There seems to be so much focus in school now on writing. My fifth grader struggles a great deal to put anything down on paper; he just can’t be bothered. He would much rather slap anything down just to be done. Is there anything I can do to change his attitude? As more and more of our communication is in written form, the importance of writing has increased significantly in our technological age. Success is directly dependent upon the ability to communicate effectively. Use summer as a way to develop some positive associations with writing. If you work along with your child to make writing fun, his attitude may improve. Consider keeping a journal when you take vacations. Have everyone in the family contribute a few sentences to recap special experiences you have. Or work together to create a funny story like “The Car Trip That Would Not End” or an article of advice for young travelers like “Avoid the City Museum of Any Town at Any Cost.” Patterning stories after fun books like The Diary of a Worm is fun for would-be writers of all ages. If getting the words down on the paper is the challenge, have him record the story and then you write it down. Starting a blog and publishing his stories there may give your child the sense of accomplishment that he needs to boost him over the “I hate to write” road block.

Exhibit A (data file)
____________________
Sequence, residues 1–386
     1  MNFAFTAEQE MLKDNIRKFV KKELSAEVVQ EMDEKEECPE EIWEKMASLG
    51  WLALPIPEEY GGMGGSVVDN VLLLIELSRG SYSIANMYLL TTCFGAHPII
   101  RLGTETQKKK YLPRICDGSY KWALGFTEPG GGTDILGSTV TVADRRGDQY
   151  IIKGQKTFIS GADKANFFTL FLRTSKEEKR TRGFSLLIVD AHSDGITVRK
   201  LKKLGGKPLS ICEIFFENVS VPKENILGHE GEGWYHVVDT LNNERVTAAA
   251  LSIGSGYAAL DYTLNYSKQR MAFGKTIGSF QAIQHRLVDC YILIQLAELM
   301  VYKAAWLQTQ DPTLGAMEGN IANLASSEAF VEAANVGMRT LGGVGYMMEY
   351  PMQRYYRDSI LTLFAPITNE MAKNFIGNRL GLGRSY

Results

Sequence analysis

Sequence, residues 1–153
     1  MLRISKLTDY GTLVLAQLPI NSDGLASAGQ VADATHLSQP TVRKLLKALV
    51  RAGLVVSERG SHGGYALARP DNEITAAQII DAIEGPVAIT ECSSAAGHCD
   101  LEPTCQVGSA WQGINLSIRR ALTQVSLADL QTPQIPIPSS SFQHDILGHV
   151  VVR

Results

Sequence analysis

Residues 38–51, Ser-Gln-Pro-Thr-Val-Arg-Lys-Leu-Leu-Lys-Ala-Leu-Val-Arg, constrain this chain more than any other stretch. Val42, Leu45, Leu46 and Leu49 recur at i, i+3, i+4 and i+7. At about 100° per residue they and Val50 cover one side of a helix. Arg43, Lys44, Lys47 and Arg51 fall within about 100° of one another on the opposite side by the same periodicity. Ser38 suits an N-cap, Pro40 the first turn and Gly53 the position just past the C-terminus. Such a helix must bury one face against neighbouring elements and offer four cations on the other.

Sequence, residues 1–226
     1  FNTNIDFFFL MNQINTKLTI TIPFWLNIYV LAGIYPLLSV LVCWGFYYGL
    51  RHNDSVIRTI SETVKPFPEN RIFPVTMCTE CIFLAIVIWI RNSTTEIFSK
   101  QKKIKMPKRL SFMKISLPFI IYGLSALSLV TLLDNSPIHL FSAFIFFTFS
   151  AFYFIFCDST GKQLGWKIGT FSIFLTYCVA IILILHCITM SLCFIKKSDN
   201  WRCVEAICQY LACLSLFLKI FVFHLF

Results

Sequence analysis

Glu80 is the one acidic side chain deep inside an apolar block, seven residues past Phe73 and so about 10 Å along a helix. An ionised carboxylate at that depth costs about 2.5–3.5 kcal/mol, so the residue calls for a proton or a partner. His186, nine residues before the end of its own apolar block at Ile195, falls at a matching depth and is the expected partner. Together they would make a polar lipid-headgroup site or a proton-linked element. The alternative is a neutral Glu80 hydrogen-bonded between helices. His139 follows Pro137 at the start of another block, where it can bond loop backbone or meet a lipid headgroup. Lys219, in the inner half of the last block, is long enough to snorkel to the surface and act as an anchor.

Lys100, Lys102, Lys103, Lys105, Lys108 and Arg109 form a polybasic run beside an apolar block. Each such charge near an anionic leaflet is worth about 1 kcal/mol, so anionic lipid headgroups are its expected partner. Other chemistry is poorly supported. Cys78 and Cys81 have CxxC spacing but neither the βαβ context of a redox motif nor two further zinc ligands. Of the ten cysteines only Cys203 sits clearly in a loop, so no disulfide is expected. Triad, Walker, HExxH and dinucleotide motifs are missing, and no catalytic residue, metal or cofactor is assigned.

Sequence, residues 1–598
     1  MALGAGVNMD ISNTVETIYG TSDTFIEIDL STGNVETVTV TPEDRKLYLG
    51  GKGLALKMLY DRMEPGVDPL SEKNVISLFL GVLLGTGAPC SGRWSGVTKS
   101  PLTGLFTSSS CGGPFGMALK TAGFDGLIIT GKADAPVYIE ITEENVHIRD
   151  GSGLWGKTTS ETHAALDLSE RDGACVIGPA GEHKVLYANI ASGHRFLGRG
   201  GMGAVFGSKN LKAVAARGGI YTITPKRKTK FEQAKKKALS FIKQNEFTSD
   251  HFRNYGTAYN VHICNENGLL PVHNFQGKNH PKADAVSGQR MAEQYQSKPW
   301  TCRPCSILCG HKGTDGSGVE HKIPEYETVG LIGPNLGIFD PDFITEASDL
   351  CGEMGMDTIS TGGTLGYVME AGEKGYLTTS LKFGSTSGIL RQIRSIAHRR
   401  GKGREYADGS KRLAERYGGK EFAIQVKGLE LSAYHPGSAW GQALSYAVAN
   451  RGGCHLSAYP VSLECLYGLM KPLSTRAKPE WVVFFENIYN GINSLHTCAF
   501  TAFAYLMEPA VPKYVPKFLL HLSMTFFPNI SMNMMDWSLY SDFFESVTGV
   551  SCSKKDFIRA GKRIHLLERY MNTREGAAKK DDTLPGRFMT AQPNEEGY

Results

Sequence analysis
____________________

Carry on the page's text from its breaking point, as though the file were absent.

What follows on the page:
Q: A:

We are not in a year round school, but I have read a lot about how much kids lose in terms of academic skills over the summer. What can I do to prevent that?

First, take a few weeks off and enjoy the less stressful routine of summer! Resist the urge to drill, drill, drill every day. Adopting a casual approach to learning will not hurt your child academically, provided you encourage some reading and some math. Check your local library for a reading program that offers incentives, or custom design one yourself. Play games that require math and reasoning skills. A few weeks before school resumes, review some basic math facts to dust off the cobwebs and help build the attention stamina that the school day requires. Ask the Teacher is written by Deb Krupowicz, a mother of four and current teacher. Deb holds a Master’s degree in Curriculum and Instruction and has over twenty years of experience teaching preschool, elementary and middle school students. Please send your questions to her at